Unlike Ekaterin, Pym has been in Vorkosigan House and can provide news about its inhabitants. His orders only forbid him from pestering Ekaterin about a response to Miles’s letter. Kareen can’t talk to Pym. Ekaterin and Martya can talk to anyone they want. Pym can only answer direct questions. Martya likes these rules. Martya seems a great deal more Machiavellian that Kareen. Other things Martya likes include Enrique. This surprises Kareen who has worked with Enrique more extensively. Martya feels that Enrique could use a manager. OK, what she says is “managing type of wife.” I know this type! Christine de Pisan offered guidance and tactics for managing types of wives in her book The Treasure of the City of Ladies, back in 1405. I can see how this would fit into Barrayaran traditional society, Martya’s ambitions, Enrique’s life, Drou and Kou’s desire to have their bathroom to themselves, and the butter bug business all at once.

Pym tells a dramatic tale of the consequences of Kareen’s absence, which include an Enrique-induced plumbing emergency (bug butter sets like soft plaster—another potential military application?) featuring Miles as the hero. Miles, Pym opines, has rich previous experience with drains. TWO DRAINS. Unless he did a few more drains while we weren’t looking, this is Miles’s THIRD drain. By this standard, I have previous rich experience with bears. Call me for all your bear-related emergencies! Anyway, Miles heroically unclogged the deeply troubled Vorkosigan House drains. He surely will make some Vor lady a fine and useful husband.

Kareen has plans for her future that are festering because she can’t get to the lab at Vorkosigan House, but she’s too dependent on her parents to walk away from them. Ekaterin sympathizes. She points out that adulthood isn’t a prize granted to good children—it’s something you take for yourself. Kareen catalyzes the next round of meetings by proposing that Ekaterin redesign the butter bugs. This is a great example of Barrayaran women recognizing each others’ talents and networking. Also, it’s really good for the butter bug business because those suckers are revolting. Ekaterin produces a series of possibilities, and I hope that Enrique eventually uses them all. There’s no reason all the butter bugs have to be the same. For the moment, the butter bug crew decides to produce the glorious bug. It has flame-inspired colors and its wings fluoresce. Ekaterin is paid in shares. Martya, present at this second meeting as Kareen’s chaperone, returns to Vorkosigan House with Mark and Enrique to start managing. Mark extracts Ekaterin’s response to Miles’s note—she accepts his apology but can’t answer his question—and passes it on to Miles.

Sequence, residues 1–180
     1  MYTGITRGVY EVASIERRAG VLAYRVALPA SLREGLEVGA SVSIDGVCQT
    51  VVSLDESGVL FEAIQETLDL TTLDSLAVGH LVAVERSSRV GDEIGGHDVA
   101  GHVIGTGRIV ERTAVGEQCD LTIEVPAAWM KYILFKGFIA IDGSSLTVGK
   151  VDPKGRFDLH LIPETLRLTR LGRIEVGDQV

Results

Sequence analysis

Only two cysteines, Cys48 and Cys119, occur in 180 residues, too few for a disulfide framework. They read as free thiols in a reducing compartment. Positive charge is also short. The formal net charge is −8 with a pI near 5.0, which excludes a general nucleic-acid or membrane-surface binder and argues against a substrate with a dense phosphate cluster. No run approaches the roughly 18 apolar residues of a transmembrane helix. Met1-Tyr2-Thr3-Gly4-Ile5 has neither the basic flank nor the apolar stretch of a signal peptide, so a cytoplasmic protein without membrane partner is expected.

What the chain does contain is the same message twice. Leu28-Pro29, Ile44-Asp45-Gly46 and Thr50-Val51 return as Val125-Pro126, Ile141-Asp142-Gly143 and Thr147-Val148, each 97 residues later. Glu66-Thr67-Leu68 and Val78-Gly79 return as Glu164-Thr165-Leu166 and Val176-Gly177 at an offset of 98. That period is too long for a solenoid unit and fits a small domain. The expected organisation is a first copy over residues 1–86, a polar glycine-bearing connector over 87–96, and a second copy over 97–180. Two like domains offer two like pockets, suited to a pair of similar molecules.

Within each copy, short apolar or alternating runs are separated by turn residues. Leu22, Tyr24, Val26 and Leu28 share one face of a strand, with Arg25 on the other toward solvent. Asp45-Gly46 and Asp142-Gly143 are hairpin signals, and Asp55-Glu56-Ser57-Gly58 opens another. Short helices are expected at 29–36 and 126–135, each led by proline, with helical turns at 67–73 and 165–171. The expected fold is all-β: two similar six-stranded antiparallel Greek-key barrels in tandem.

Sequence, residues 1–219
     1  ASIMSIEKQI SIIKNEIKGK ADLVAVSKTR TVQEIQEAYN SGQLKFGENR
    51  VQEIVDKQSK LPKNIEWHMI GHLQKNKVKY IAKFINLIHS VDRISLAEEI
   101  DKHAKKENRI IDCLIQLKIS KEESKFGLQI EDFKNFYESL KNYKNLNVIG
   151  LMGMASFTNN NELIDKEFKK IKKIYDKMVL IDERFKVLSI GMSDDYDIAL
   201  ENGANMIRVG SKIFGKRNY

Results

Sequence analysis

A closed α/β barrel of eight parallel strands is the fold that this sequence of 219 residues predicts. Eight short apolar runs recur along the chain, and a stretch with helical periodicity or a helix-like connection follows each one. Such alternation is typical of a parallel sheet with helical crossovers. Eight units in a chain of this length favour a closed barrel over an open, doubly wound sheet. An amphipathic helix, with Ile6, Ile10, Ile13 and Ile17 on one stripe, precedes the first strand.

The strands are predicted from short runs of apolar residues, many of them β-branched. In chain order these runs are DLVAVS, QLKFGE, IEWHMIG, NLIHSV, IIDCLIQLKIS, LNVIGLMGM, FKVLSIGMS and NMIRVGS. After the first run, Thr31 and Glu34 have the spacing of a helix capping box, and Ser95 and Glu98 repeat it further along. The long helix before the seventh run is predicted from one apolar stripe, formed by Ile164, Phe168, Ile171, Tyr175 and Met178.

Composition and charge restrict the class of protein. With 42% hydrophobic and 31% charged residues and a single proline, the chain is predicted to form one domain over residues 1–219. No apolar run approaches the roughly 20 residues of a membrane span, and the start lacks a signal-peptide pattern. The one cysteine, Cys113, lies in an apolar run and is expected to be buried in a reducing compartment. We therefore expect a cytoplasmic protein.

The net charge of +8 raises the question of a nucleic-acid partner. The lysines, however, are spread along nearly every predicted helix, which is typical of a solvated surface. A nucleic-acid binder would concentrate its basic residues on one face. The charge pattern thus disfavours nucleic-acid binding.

Miles, poor creature, has to contend with the affliction of a visit from Richars Vorrutyer. Richars is canvassing for votes. I suppose there will be readers who assert that, at this point, Richars is innocently pursuing his rational self interest. He’s a suspected murderer and he tried to rape his cousin when she was twelve. He refers to Dono as “Lady Donna” and to her suit as groundless. He also accuses Miles of murdering Tien Vorsoisson. Miles might have known this earlier if he had listened to his phone messages. Richars’s sliminess propels Miles into action—he has a cause now! It’s not letting Richars Vorrutyer think he can manipulate an Imperial Auditor and a fellow member of the Council of Counts with a threatened whisper campaign accusing him of murder. He calls Dono (Olivia answers the comconsole) to set up another round of meetings.

Ellen Cheeseman-Meyer teaches history and reads a lot.